Thinking of buying Disney shares? Here’s what you need to know
With its ubiquity in cinema and all kinds of entertainment, Disney (NYSE: DIS) is no secret from Wall Street. At the same time, its cutting edge products and services don’t automatically mean you have to run out and buy Disney stock.
Like any stock purchase, Disney stocks require careful and thoughtful analysis. Here’s what you need to know as a starting point.
Disney’s entertainment offerings are head and shoulders above all competitors. For example, revenues for its 12 theme parks reached $ 16 billion in fiscal 2020, down 61% year-over-year. But it was way ahead of NBCUniversal (a division of Comcast (NASDAQ: CMCSA)) five theme parks (part of its total operations, which includes many other companies) that grossed $ 1.8 billion in 2020, or theme park operator Sea world Entertainment‘s (NASDAQ: SEAs) 12 theme parks, which grossed less than half a billion dollars in 2020.
Total Disney sales in 2020 were down 6% year-over-year, complemented by an excellent performance before the pandemic. In the first quarter ended December 28, 2019, sales increased 36%, and in a still strong second quarter, revenue increased 21%. In 2021, the company is still suffering from declines linked to the pandemic. But that improved to a 13% drop in the second quarter of 2021 ended April 3. Potential shareholders should note that this number is still 7% higher than in the second quarter of 2019. The first quarter, with a 22% drop, was 14% higher than in 2019. Impressive given the circumstances.
Each of Disney’s components ranks first or close in all of its categories. The company’s theme parks and resorts were its largest category before the pandemic, accounting for more than a third of the total in 2019, the same year Disney had seven of the top 10 grossing films.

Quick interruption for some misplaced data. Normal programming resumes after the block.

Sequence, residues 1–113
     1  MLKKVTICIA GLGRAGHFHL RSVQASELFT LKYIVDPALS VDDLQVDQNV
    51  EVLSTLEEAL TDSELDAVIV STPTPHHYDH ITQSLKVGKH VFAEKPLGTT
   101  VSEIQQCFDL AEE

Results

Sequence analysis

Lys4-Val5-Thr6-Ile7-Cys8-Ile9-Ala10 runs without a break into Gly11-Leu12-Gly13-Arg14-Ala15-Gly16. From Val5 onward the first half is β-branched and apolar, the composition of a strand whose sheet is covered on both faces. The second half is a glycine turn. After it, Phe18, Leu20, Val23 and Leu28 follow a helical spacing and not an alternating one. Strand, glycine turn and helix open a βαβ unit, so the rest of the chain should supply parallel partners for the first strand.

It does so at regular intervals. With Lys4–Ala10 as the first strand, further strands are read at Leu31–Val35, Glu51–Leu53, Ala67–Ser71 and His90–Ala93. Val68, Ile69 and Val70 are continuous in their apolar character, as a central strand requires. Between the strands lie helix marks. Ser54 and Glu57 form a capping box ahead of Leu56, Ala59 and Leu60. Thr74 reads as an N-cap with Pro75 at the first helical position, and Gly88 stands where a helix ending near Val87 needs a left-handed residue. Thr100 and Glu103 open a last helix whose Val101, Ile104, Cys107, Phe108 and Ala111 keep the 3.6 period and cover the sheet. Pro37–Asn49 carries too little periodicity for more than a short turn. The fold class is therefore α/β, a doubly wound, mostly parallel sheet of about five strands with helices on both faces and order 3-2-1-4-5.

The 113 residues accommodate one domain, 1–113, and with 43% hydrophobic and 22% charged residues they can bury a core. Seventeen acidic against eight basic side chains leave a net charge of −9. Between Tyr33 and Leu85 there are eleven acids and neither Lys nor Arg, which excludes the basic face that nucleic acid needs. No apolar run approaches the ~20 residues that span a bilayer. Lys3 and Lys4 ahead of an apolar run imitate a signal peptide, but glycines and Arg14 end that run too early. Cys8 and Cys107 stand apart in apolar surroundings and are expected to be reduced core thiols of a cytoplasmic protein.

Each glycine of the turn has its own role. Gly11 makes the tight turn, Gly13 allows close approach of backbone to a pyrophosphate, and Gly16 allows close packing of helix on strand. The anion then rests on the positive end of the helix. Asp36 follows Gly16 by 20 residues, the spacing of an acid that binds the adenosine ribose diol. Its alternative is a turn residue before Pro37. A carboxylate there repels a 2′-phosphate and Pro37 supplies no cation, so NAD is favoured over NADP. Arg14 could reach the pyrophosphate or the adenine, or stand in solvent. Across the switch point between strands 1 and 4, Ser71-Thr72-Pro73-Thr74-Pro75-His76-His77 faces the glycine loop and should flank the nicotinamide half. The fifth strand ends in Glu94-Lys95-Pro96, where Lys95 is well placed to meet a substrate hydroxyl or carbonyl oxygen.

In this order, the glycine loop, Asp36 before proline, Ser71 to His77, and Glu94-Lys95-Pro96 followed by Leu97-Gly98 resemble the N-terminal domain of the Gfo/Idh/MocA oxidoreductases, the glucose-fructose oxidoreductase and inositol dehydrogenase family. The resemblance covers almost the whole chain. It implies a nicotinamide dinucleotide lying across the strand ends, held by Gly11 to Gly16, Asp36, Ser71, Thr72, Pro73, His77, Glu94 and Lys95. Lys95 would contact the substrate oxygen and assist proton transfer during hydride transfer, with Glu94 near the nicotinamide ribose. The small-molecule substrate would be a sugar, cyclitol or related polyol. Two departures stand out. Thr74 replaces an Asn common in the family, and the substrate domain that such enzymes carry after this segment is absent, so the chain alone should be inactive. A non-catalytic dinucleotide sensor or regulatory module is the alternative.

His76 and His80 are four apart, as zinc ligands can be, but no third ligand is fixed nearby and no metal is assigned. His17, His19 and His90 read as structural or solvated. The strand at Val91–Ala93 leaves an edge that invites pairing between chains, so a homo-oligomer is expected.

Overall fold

Disney + has been a huge success, recruiting over 100 million paid subscriptions since its launch in November 2019. It’s behind the leader Netflix (NASDAQ: NFLX), but it is getting closer. The company estimates it can reach 260 million by 2024, potentially overtaking Netflix, which had 208 million subscribers as of March 31.
He’s looking to streaming not only to take over from closed theme parks, but as the key to future growth. It acquired the general streaming site Hulu in 2019 and began launching a similar brand, Star, in international sites. Between these sites, as well as ESPN +, Disney is trying to dominate streaming as it dominates all of its categories, and it’s definitely blessed with success.
Is it resilient?
The initial answer would be no. Disney is not a core business like Amazon or Costco who can work well under difficult circumstances, and he was pummeled during the pandemic.
But that would not take into account all the information.
In fact, investor confidence in Disney shares is high, as evidenced by a 43% gain over the past year despite declining sales.
This is because even though he is struggling in the short term, he has the tools to return to growth when the economy recovers. The launch of Disney + is exceeding expectations, giving it leverage in this emerging market. Disney has four films to release over the next four months, positioning it to generate sales as people return to the theaters. When the fleets are all open and at full capacity, sales should skyrocket. If the business can launch new, successful initiatives when the cards are down, that’s definitely resilience.
It suspended its dividend to maintain a strong cash position as sales fell, but before the pandemic it issued and increased its dividend steadily. This will likely pick up when sales return to growth, providing another incentive for shareholders.
If you buy Disney stock now, expect some short-term volatility. But the price is slightly lower since the start of the year on Monday morning, so that could be an opportunity to acquire shares before the price goes up.
This article represents the opinion of the author, who may disagree with the “official” recommendation position of a premium Motley Fool consulting service. We are heterogeneous! Questioning an investment thesis – even one of our own – helps us all to think critically about investing and make decisions that help us become smarter, happier, and richer.